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Slices in D vs Go
anime
he_the_great

This article is here to complement the array slice articles for D and Go (another). It will be increasingly common for people to come with an understanding of the approach used in one of these languages, this article should help to point out the major differences.

Slices are a way of viewing a continuous block of memory, a window over an array. This is true of both languages, the difference resides in how one can grow and shrink this window. D's philosophy is to be memory safe by default, a slice in D will never stomp memory it doesn't own. For different definitions of "own" Go slices will not stomp memory it doesn't own.

In D the underlying array is owned by the run-time, not the slice. In Go every slice owns the array it is sliced over, or at least it owns from where the slice starts to where the underlying array ends.

The code bellow is intended to append to the previous for the given language. So you can start with a compiling D program and a failing Go and you can follow along with IDEOne for the language you don't have installed.

dlang
import std.stdio;

void main() {
    // Insert appending blocks here
}

golang
package main
import "fmt"

func main(){
    // Insert appending blocks here
}

We'll start with simple capacity reservation.

dlang
    int[] original;
    original.reserve(5);
    writeln("orig cap: ", original.capacity); // 7
    writeln("orig len: ", original.length); // 0

golang
    original := make([]int05);
    fmt.Println("orig cap:"cap(original)); // 5
    fmt.Println("orig len:"len(original)); // 0

Making a slice and reserving memory will increase the capacity while keeping the slices length the same. We won't observe any difference in Go. But to discuss behavior we'll need some elements.

dlang
    auto ptr = original.ptr;
    original ~= 0;
    original ~= 1;
    original ~= 2;
    writeln("orig cap: ", original.capacity); // 7
    writeln("orig len: ", original.length); // 3
    assert(ptr == original.ptr);

    auto slice = original[1..$];
    writeln("slice cap: ", slice.capacity); // 6
    writeln("slice len: ", slice.length); // 2
    original[0]++;
    slice[0]++;
    slice[1]++;
    writeln("orig: ", original); // [1, 2, 3]

Building the array by appending continues to use the same memory allocated, since there is capacity in the underlying array. Manipulating the memory from either slice is observed by the other.

golang
    original = append(original, 0)
    original = append(original, 1)
    original = append(original, 2)
    fmt.Println("orig cap:"cap(original)) // 5
    fmt.Println("orig len:"len(original)) // 3

    slice := original[1:]
    fmt.Println("slice cap:"cap(slice)) // 4
    fmt.Println("slice len:"len(slice)) // 2
    original[0]++
    slice[0]++
    slice[1]++
    fmt.Println("orig:", original) // [1, 2, 3]

Go and D have the exact same behavior. The capacity reflects to the end of the underlying array in both the original and the slice. Since the slice does not contain the first element of the original, the capacity is lower by one. What is expected to happen when we append to original and to slice? Can you guess the behavior of the language you're unfamiliar with?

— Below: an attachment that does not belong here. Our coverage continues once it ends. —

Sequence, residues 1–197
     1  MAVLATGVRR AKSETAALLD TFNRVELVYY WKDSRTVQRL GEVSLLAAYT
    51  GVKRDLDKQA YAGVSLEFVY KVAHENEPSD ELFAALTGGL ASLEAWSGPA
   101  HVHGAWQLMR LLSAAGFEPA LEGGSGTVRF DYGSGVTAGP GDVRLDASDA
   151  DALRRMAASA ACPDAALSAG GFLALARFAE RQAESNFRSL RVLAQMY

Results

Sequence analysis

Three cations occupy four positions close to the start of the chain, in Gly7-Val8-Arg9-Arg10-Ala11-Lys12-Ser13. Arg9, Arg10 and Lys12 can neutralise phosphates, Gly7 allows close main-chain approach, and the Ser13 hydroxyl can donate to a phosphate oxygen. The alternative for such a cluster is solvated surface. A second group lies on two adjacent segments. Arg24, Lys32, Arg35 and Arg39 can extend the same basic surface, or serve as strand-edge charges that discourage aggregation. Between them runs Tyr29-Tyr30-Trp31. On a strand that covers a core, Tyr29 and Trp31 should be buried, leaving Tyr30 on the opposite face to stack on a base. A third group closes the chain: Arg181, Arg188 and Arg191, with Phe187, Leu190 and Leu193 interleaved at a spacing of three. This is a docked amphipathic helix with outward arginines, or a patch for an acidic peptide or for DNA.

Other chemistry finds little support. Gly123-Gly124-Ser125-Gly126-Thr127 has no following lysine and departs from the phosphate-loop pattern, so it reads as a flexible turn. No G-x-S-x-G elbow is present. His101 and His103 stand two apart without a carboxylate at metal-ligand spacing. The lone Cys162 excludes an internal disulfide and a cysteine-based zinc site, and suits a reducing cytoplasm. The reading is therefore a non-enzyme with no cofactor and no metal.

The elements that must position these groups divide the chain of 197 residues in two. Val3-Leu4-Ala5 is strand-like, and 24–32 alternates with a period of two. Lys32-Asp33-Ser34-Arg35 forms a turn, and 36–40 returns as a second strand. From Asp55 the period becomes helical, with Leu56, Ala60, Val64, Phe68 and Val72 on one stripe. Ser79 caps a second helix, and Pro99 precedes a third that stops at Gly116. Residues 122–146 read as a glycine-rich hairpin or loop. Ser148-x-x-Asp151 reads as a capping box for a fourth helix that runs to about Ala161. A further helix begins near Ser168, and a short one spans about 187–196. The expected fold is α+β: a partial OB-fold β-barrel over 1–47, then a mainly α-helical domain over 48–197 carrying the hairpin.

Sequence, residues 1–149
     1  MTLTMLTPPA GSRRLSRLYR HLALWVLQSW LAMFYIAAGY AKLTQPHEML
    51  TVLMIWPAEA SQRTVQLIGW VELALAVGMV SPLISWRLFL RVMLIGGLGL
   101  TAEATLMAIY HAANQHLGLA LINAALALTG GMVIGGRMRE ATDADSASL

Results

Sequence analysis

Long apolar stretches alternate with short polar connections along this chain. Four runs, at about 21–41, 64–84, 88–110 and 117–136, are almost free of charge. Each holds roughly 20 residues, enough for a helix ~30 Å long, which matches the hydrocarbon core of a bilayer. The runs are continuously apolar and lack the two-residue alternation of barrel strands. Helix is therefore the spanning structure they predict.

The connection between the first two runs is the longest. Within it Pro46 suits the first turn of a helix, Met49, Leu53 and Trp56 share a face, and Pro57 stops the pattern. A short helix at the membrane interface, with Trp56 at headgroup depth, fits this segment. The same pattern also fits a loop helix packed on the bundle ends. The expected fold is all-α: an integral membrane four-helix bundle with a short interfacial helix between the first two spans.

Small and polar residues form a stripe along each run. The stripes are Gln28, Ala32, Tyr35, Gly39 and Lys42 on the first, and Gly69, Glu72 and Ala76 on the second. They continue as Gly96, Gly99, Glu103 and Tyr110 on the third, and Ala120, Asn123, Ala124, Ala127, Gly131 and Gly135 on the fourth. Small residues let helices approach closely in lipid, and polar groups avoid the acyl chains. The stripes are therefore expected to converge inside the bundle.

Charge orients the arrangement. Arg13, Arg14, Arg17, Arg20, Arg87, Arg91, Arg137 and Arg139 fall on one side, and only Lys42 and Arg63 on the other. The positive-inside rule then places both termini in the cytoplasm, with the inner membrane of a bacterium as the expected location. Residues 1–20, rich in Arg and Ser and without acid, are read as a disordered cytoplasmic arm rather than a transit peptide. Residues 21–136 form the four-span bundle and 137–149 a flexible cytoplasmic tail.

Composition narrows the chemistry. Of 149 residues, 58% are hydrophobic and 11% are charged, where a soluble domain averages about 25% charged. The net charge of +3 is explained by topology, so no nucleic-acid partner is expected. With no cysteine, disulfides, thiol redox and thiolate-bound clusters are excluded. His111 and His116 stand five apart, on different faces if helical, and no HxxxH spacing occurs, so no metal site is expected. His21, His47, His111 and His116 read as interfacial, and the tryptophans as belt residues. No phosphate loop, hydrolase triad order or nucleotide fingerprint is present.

dlang
    slice ~= 4;
    writeln("orig cap: ", original.capacity); // 0
    writeln("orig len: ", original.length); // 3
    writeln("slice cap: ", slice.capacity); // 6
    writeln("slice len: ", slice.length); // 3
    writeln("slice: ", slice); // [2, 3, 4]

    original ~= -1;
    writeln("orig: ", original); // [1, 2, 3, -1]
    writeln("slice: ", slice); // [2, 3, 4]

golang
    slice = append(slice, 4)
    fmt.Println("orig cap:"cap(original)) // 5
    fmt.Println("orig len:"len(original)) // 3
    fmt.Println("slice cap:"cap(slice)) // 4
    fmt.Println("slice len:"len(slice)) // 3
    fmt.Println("slice:", slice) // [2, 3, 4]

    original = append(original, -1)
    fmt.Println("orig:", original) // [1, 2, 3, -1]
    fmt.Println("slice:", slice) // [2, 3, -1]

In D we observe that capacity has been modified on original, it was set to zero. Go however maintains that both original and slice still own the end capacity. From this we observe that D has maintained the value we stored into slice, while Go has stomped on our changes. This is one of the reasons D's dynamic arrays are accused of hidden allocations. This is also true of Go unless you're watching the capacity closely (which is a valid approach for D too). That said...

dlang
    slice = original[1..$];
    slice ~= 4;
    writeln("slice: ", slice); // [2, 3, -1, 4]
    assumeSafeAppend(original);
    original ~= -1;
    writeln("orig: ", original); // [1, 2, 3, -1, -1]
    writeln("slice: ", slice); // [2, 3, -1, -1]

Immutability

For whatever reason Go can get away with this approach, let me explain why D can't. With D, types can be marked immutable, meaning that the value can never be changed. This is different from marking the type const, which just prevents the reference from changing the value, it can be changed elsewhere in the code.

We'll take the most common, immutable(char)[]. Strings are a very common place to use slicing (probably because they are so common).

dlang
    auto str = "Hello World";
    const(char)[] strSlice = str[0..5];
    strSlice ~= "/bye";
    writeln(str); // "Hello World"

To guarantee that the immutable values in the array aren't changed it must guarantee that it won't stomp the arrays when another slice appends data.

Go Source
D Source

  • 1
Go 1.2 allows setting the nee slice's capacity, thus allowing you to protect against append changing "dual owned" parts.

I actually didn't really considered the inability to set a specific capacity. But it is good Go has provided such control.

  • 1
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